Some fear Iraqi judges don't grasp complexity of war crime trials.
Judge Qasem Ayash, one of 100 Iraqi jurists fresh out of a crash course in international law, says it was a waste of time.
"I have been a judge for 32 years and they are teaching me the ABCs of law? I ought to be teaching them," the head of the Appellate Court says with contempt after attending the two-week course organized by the U.S. Defense Strategy for International Studies.
Has he ever tried a war criminal? No.
Would he sit on a tribunal trying Saddam Hussein and others? No again. Ayash notes that several judges thought to be working with the Americans have been murdered. The fear among jurists is that Saddam's supporters would kill them just for sitting in judgment on the ousted dictator.
This is exactly what worries human rights groups and international jurists. They fear that the Iraqi judiciary, after four decades under the thumb of the Baath regime, has neither the experience nor the expertise to conduct a complex trial for crimes against humanity. They say only a U.N.-led tribunal has international legitimacy and can guarantee fair trials.
Ayash, 62, doesn't see the problem. "They will bring the accused; they will bring his file. The judge reads it carefully and decides whether he ought to be charged or not," he said.
"There's nothing to it. It's like trying any other criminal case."
It's not that simple, say those with experience of war crimes trials.
Typically, they say, trials before Iraqi criminal courts lasted a few days -- sometimes just a morning, or even an hour. And courts often handled 20 to 30 cases a day.
"It just shows you the summary nature of the trials which took place and that's the norm and that's not being questioned by the judges," said Hania Mufti, of the New York-based Human Rights Watch. "Therefore, what kind of standards are they thinking of using in terms of these hugely complex cases?"
Iraqi judges and lawyers, as well as U.S. officials here, insist Iraqis can handle it because they're recovering a long tradition of independence and impartiality -- sometimes even under Saddam's repressive rule. And if they need any outside help, they say, they'll ask for it.
Three days before Saddam was captured by U.S. forces on Dec. 13, the Iraqi Governing Council announced the creation of a war crimes tribunal to try former members of Saddam's Baath regime on cases stemming from mass executions of Iraqi Kurds in the 1980s, as well as the suppression of uprisings by Kurds and Shiite Muslims after the 1991 Gulf War.
The Iraqi statute, drafted by Iraqi and American lawyers, emulates the International Criminal Court and provides for foreign judges to join the bench if the Governing Council so wishes.
But Iraqi officials say they're determined to be in charge and to seek outside help in areas where they lack expertise, such as in pre-trial investigations and forensic data.
"The presence of foreign judges will undermine (Iraqi) sovereignty and would undercut the value of the Iraqi judiciary," said Iraq's justice minister, Hashim Abdul-Rahman al-Shalabi.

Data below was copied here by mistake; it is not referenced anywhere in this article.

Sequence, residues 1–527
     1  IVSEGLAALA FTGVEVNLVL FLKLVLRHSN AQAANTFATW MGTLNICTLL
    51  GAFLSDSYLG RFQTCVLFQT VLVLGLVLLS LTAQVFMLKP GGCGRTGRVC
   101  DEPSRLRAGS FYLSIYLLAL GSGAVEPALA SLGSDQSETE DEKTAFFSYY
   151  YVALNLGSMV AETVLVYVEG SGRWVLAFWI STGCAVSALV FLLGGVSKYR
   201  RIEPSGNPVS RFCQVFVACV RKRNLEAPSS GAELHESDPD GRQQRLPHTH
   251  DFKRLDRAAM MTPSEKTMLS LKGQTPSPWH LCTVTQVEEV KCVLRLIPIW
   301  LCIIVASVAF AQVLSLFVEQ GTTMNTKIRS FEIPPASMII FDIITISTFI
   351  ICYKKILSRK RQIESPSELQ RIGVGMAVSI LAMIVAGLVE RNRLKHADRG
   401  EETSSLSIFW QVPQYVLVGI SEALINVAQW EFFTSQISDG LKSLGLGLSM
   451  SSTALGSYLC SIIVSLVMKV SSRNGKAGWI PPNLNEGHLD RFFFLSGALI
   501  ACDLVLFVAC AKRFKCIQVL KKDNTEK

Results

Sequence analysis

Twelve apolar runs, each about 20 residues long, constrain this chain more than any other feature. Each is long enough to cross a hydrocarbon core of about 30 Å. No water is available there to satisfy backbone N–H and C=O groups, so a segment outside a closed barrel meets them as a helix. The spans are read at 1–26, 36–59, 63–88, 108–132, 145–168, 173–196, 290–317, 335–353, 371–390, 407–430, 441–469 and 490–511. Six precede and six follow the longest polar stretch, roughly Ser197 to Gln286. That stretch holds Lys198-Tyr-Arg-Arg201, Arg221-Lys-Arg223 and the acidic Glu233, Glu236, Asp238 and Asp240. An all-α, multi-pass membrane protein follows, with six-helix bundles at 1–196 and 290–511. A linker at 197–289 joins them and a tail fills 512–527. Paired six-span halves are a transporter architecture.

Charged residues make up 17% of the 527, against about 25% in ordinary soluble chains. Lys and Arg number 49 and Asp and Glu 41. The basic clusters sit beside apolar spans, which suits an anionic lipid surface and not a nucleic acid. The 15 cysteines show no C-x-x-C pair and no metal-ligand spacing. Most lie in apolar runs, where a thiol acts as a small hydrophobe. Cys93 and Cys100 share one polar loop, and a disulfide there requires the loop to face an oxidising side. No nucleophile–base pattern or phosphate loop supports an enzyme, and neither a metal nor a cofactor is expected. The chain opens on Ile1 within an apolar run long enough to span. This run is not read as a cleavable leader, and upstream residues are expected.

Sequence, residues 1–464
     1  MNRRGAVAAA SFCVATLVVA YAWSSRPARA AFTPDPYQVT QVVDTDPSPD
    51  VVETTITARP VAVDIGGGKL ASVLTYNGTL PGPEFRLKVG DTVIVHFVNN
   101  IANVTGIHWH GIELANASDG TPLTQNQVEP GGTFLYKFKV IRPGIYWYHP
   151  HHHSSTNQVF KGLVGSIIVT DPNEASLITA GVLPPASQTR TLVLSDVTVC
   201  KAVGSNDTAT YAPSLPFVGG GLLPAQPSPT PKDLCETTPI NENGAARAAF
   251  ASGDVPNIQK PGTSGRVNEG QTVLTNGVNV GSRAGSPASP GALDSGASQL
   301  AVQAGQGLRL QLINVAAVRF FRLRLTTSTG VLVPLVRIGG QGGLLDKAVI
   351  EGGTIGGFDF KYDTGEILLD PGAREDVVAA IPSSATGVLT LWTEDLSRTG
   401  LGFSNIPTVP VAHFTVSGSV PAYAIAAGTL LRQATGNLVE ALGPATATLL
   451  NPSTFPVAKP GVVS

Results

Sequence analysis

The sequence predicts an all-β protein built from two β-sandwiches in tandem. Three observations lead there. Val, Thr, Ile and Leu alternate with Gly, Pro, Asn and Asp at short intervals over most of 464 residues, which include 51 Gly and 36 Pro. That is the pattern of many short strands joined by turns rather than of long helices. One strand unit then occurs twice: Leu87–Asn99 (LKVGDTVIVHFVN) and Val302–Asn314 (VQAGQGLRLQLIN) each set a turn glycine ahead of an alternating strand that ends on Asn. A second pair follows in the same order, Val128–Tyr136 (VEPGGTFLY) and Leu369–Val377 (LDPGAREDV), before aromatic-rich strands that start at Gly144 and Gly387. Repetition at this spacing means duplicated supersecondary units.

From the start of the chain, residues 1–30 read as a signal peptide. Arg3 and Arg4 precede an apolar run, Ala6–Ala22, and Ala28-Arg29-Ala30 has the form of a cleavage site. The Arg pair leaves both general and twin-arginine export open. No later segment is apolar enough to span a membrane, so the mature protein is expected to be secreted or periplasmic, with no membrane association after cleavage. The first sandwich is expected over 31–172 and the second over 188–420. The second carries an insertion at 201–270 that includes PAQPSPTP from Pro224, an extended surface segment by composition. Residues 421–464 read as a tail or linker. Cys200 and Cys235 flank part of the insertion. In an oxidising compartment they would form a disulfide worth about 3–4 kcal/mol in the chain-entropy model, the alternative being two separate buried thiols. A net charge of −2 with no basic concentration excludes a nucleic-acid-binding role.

Human rights groups are voicing concern that the statute allows for the death penalty, and Ayash isn't the only judge who is declining to take part for fear of his own safety. But Iraqi officials close to the Governing Council say extensive protection systems are planned for witnesses and court officials.
Salem Chalabi, legal adviser to the Governing Council, says the judges are beginning to grasp how different the tribunal will be from what they are used to. "I told them, you are going to have six hours a day, day in, day out," he said.
The tribunal is headed by Dara Nouredin, a Kurd who was a judge under Saddam until he was imprisoned. He said those who criticize the Iraqi judiciary don't know it well.
"We have good judges who are capable of conducting these trials. Also, there is a training course for the judges on working with evidence of ugly crimes of such magnitude," he said.
Iraqis refer to the period between 1930 to 1960 as a golden age for their judiciary, when it functioned independently under a system derived from French, Turkish and Islamic law.
But after the Baathists came to power in 1965, the courts gradually came under government control. The president took the power to appoint judges. Prospective judges had to attend an academy, and Baath Party members were preferred. Special security courts under the jurisdiction of the secret police were set up to handle espionage, treason and other "anti-state" activities.
"Nobody can argue that the judiciary wasn't decimated or weakened during the Baath regime," said Salem Chalabi. "But it had a tradition of independence and had really decent judges."
In fact some of the decent ones were fired and even jailed for issuing sentences that displeased the government. And "many judges issued verdicts in a such a crafty way that Saddam could not touch them," recalled Mohammed Dohan, 83-year-old head of the Lawyers' Syndicate.
A judicial review committee set up by the coalition has fired 160 of Iraq's 700 judges for their close ties to the Baath party or being corrupt or incompetent. The review continues.
Under Iraqi law, judges do the questioning and lead the case, not the prosecution, whose task is merely to make sure the judge acts within the law.
Salem Chalabi said that under tribunal rules, prosecutors and judges together will conduct the cases and prosecutors will oversee the judges during the investigation phase.
Much of the investigative work will be handled by international legal experts, Chalabi said, and international monitors will make sure appropriate decisions are made and cases aren't rushed.
[Source: Scheherezade Faramarzi, Associated Press Writer, Teheran, 04Jan04]
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